As W E B Du Bois stated about being black in America:
One ever feels his twoness – an American, a Negro; two souls, two thoughts, two unreconciled strivings; two warring ideals in one dark body, whose dogged strength alone keeps it from being torn asunder. The history of the American Negro is the history of this strife – this longing to attain self–conscious manhood, to merge his double self into a better and truer self. In this merging he wishes neither of the older selves to be lost. He would not Africanize America, for America has too much to teach the world and Africa. He would not bleach his Negro soul in a flood of white Americanism, for he knows that Negro blood has a message for the world. He simply wishes to make it possible for a man to be both a Negro and an American, without being cursed and spit upon by his fellows, without having the doors of Opportunity closed roughly in his face.
The man with double consciousness is already a ‘Negro’ and an ‘American’, and will always be a ‘Negro’ and an ‘American’. But to be a ‘Negro’ is in some sense bound up with America and to be American is bound up with the ‘Negro’. From this though, we might ask: what is a ‘Negro’? What is ‘America’? And from those new foundations, from that year zero we could well map out a revolution because of our ‘dogged strength’ that connects the dots between bodies that are oppressed in a kind of archipelago that links my suburbs to Harlem itself. Perhaps, as raced peoples, people who are both hypervisible and disappeared in the surveillance state, we must learn not only to double our consciousness but to refract and multiple it in infinite ways. This is about the ‘self-conscious merging’ that Du Bois gestures towards.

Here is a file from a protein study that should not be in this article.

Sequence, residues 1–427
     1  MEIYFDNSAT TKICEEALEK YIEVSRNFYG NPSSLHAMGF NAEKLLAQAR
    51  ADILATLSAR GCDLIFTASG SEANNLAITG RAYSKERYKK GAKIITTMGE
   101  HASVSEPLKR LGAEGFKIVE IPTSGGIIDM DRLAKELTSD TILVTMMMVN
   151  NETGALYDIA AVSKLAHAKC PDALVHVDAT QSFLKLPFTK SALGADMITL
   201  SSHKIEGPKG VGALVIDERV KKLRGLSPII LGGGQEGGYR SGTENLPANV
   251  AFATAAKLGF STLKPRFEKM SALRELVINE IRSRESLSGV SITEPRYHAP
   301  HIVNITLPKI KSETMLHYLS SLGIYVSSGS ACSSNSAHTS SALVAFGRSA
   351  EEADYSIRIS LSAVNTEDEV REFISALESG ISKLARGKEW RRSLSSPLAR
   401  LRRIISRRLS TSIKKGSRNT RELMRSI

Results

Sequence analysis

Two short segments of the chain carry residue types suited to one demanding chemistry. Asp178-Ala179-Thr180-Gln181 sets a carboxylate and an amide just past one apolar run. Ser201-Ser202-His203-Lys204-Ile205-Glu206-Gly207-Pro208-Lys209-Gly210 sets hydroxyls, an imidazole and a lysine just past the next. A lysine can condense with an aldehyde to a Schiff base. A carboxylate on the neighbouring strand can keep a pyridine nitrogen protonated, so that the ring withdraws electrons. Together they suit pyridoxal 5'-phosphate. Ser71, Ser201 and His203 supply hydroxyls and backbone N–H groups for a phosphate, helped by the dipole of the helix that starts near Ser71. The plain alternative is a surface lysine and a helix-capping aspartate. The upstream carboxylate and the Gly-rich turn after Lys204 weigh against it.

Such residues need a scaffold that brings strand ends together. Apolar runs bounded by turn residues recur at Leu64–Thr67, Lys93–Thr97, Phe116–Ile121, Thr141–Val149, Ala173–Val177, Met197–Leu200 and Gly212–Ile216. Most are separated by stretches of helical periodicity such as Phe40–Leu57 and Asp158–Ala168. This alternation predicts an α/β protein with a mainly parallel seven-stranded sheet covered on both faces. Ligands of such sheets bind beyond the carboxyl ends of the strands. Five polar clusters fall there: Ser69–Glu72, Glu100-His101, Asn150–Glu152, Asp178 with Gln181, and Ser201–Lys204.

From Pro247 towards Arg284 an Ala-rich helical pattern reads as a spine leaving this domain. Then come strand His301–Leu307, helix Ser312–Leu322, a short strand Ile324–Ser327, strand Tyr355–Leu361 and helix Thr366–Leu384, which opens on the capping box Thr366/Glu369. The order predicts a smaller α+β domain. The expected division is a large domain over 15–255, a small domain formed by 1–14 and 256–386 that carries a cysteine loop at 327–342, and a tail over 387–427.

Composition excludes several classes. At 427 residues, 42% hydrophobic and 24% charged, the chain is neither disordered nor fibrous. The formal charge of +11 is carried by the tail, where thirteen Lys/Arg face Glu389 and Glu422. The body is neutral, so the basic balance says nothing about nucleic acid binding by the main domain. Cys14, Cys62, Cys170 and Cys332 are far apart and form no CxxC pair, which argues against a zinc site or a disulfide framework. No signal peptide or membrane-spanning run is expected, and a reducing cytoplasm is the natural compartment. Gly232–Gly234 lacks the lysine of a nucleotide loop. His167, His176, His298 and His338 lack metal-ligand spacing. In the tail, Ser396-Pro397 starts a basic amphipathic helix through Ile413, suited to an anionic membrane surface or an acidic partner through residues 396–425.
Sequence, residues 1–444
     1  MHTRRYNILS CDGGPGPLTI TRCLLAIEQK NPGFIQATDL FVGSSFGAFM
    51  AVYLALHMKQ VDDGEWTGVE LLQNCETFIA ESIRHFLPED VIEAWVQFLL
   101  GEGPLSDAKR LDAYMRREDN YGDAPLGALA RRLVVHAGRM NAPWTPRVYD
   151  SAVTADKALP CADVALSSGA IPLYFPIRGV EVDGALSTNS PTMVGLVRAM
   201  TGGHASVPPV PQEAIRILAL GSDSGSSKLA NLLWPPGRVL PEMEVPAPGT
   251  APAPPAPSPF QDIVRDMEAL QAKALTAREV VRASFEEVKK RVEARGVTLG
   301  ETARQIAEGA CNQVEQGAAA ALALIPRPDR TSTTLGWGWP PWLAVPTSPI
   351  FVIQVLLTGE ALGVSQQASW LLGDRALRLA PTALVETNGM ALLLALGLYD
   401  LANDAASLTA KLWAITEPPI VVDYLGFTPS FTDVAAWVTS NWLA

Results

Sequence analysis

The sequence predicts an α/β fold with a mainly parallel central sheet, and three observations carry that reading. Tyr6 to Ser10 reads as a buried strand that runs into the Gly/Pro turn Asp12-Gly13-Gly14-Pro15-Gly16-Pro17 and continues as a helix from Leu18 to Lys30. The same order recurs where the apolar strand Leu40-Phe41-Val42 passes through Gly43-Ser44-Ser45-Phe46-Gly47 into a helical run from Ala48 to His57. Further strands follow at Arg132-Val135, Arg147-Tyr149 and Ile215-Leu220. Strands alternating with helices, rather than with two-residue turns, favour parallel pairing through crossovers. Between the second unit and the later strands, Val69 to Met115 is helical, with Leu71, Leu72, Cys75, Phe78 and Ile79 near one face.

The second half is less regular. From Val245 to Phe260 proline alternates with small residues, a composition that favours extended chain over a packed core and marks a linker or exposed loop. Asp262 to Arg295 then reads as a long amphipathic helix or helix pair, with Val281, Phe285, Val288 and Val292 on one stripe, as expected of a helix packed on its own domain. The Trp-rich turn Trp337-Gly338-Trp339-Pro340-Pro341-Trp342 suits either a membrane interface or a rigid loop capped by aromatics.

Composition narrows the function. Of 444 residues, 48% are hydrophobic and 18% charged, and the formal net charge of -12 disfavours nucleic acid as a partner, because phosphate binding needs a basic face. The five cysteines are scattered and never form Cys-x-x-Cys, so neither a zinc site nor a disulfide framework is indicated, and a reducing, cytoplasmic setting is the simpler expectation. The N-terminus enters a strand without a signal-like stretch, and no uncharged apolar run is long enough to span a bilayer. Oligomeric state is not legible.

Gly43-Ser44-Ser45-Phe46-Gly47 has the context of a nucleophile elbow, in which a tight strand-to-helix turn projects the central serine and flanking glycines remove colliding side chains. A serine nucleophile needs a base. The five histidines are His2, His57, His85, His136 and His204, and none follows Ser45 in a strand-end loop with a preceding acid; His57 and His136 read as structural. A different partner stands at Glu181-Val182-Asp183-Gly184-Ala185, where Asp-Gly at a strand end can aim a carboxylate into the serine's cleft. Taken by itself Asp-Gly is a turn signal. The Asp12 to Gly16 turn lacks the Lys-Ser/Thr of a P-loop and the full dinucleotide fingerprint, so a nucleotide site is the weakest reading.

After I finished high school I spent six weeks in LA, shuttling between Westwood and South Central. There the dreams of my solidarity hit the brick wall of reality, and though I ordered catfish and drank 40s, there was something inauthentic. This is not only because of the verisimilitude that one must enter into when one hits something so represented, when one goes to ‘America’ even as one has already lived inside its soft power. It was also because there is a barrier between life and representation. I was made out to be an ambassador for ‘Australia’, an Australia my new homies knew from Crocodile Hunter. They had missed out on the suburban anxiety of my searching teenage self even as I knew it was a good day if they didn’t have to use their AKs. It was an imbalance, and the complexities of what the new empire looked like, colonising its own insides meant that raced understandings of who we were met national ones in a complex dance that could only be solved by kicking back to the music we all loved and shared and ignoring for a moment the classics of the world.